The benefits that space technology bring to European citizens and how these benefits can be maximized was one of the key topics discussed at the European Navigation Conference (ENC) in Lausanne, Switzerland, on 10 May.
Users were very much the centre of attention at the opening Navigation Science and Strategy session at this year’s European Navigation Conference (ENC). In his opening speech, GSA Executive Director Carlo des Dorides stressed the importance of service delivery. He noted that, as of the first of July this year, the GSA will take the lead in the operations and service provision of Galileo. “This is an important time for Galileo and the GSA, following the Declaration of Initial Services in December, and the award of the Galileo Service Operator contract,” he said. Looking to the future, des Dorides highlighted that two important strategic pillars are underpinning the work of the Agency: the new European Space Strategy, announced by the Commission at the end of last year, and the GSA’s 2017 GNSS Market Report.
Also read: GSA Signs Galileo Service Operator Contract
5th GSA GNSS Market Report
The latest edition of the GSA’s GNSS Market Report was officially launched during the ENC! According to des Dorides, over the past five years the report has become an internationally recognised document downloaded by many thousands of GNSS users. The GSA GNSS Market Report is coupled with the GSA’s GNSS User Technology Report, which the GSA published for the first time last year. From now on, the GSA will publish their GNSS Market Report and the Technology Report on alternate years.
Download now: 5th GSA GNSS Market Report 2017
Highlights from the 2017 GNSS Market Report:
As there will be more GNSS devices in the world than people by 2020, des Dorides said that growth for applications and services will be even more impressive. “European GNSS is ready to face the major technology trends that lie ahead,” he said.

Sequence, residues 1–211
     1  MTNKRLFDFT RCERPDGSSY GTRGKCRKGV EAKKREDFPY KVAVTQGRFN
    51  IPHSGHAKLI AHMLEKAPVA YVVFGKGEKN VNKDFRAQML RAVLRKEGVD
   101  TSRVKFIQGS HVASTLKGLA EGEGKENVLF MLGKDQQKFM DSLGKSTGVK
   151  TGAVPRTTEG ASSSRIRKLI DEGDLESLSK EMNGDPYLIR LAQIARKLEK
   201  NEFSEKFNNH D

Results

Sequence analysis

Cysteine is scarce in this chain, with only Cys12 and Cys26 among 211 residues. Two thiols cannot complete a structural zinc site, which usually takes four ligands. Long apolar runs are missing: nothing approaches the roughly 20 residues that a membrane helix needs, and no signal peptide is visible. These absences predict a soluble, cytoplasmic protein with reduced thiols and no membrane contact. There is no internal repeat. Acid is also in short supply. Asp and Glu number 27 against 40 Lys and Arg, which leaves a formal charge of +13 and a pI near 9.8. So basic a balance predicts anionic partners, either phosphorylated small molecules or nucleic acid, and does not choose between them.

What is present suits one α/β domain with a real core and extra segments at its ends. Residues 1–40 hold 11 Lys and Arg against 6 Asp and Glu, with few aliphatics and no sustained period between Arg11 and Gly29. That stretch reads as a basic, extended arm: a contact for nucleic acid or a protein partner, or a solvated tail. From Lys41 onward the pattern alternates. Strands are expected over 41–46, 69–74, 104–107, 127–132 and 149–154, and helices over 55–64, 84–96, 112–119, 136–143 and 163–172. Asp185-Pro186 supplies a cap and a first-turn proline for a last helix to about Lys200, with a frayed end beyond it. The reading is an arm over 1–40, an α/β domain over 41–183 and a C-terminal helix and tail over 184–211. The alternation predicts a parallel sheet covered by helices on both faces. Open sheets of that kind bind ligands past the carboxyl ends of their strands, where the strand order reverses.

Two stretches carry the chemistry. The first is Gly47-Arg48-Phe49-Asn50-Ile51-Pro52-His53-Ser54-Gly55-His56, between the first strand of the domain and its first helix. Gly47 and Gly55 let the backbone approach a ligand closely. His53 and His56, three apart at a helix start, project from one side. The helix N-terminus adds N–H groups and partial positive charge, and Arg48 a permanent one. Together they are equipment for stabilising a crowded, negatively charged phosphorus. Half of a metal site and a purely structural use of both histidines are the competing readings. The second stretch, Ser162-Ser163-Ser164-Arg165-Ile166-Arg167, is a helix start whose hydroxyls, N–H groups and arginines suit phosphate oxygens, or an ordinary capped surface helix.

Miguel Mantiega Bautista, GNSS Evolutions Programme Manager at the European Space Agency (ESA), concurred. He said that companies are starting to believe in the business and, as a result, navigation will soon be at the centre of a huge number of business development models. To capitalise on this, GNSS must be able to rapidly adapt to market trends and be committed to providing consumers with value-added services. “GNSS has to adapt or it will become irrelevant,” he said.
“We are very lucky to be arriving at this point at a time when the system is reaching maturity,” Bautista noted, adding that the ESA, the European Commission, Member States and the European GNSS Agency (GSA), were undertaking a huge joint effort to set the path for the next generation of GNSS systems.
Paving the way for Galileo and EGNOS
To ensure Europe is positioned to answer the opportunities and challenges that come with these major technological trends, last year the European Commission launched the European Space Strategy. Des Dorides highlighted five key elements of the Strategy, the first of which is to maximize the benefits of space for society. According to des Dorides, this will require strong action on market uptake. He noted that this is particularly important because, with EGNOS and Galileo, Europe is building the infrastructure highway on which applications and services will transit. “It is through these applications and services that Europe is expecting to receive a return on its investment,” he said.
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